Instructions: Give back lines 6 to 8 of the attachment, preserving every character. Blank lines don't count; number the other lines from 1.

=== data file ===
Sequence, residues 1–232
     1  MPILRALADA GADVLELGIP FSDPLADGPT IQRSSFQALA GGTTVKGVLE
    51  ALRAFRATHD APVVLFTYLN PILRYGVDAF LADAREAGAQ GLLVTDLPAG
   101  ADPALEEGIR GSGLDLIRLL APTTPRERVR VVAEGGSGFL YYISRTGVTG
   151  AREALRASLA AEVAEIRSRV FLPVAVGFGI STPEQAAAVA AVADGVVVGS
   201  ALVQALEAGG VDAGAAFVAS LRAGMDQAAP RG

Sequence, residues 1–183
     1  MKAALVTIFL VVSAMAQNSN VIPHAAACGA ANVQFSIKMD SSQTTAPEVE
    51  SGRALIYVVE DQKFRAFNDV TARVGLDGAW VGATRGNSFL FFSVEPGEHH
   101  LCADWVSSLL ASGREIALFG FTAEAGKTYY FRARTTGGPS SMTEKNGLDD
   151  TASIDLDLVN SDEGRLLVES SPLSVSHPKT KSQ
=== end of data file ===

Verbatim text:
   201  ALVQALEAGG VDAGAAFVAS LRAGMDQAAP RG

Sequence, residues 1–183
     1  MKAALVTIFL VVSAMAQNSN VIPHAAACGA ANVQFSIKMD SSQTTAPEVE